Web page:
One of the first things that Brian Rinckenberger, commercial sales director for Rad Power Bikes, tells me as I sit perched on the saddle of one of the company’s massive electric tricycles is that regular cyclists usually freak out at this point.
I am no exception. I’m in Golden Gardens, a waterfront park on the northwest edge of Seattle overlooking the Puget Sound. And I’m about to try to pedal 500 pounds–a 300-pound tricycle, piled with 200 pounds of cargo in the truck-bed attachment behind me–across the parking lot. For reference, my road bike, which I ride daily, is 22 pounds. I can’t stop moving my feet from the pedals to the ground in an unnecessary attempt to stop the tricycle from tipping over, as I’m convinced it will.
This, Rinckenberger says, is how people used to riding a bike generally react when they first try out the RadBurro–Rad Power Bikes’ new, multipurpose electric trike that can carry up to 700 pounds (including the rider). The pedaling action may be the same, but that’s about where the similarity stops. But even through my slight panic at the disconnect between road cycling and piloting the behemoth I’m sitting on, I recognize that this is what makes the Burro such a revolutionary tool.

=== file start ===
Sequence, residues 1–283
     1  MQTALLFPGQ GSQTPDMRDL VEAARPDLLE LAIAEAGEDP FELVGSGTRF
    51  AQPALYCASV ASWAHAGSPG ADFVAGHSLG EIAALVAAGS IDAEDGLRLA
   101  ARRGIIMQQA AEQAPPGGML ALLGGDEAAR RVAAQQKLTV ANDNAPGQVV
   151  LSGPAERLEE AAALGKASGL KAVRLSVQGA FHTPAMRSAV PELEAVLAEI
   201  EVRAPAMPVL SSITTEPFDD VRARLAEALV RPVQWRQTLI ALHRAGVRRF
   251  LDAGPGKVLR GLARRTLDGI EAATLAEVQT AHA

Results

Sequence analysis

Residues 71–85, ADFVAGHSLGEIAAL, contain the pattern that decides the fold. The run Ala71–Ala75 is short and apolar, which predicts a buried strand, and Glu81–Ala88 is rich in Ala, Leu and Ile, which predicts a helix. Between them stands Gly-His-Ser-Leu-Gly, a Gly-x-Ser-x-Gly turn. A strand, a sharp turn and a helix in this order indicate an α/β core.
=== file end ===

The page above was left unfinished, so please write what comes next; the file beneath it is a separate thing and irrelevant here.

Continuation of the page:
Rad makes a number of other electric bicycles, which mimic non-motorized bike transport just with an additional boost from a motor. If you think of e-bikes as a replacement for a car, the Burro is the successor to a box truck. It stands to reason that a similar learning curve exists between learning to drive a massive truck and learning to pilot the Burro.
Rad’s cofounders, Mike Radenbaugh and Ty Collins, designed the Burro in the hopes that small businesses will use it to transport goods, instead of relying on cars and trucks.The Burro can reach up to 80 miles on a single battery charge; the battery needs to be plugged in for 2.5 hours to go from dead to fully charged. It takes around four or five Burros to move the cargo that a typical truck can carry, but the trikes cost just over $5,000, versus over $25,000 for a box truck. In terms of cost and capacity, a small fleet of Burros is equal to a single truck, and leaves a much lighter environmental footprint. The appeal of this trade-off has reached some major players in the delivery industry: In Portland, Seattle, and Pittsburgh, UPS is rolling out an e-tricycle delivery pilot with the same idea.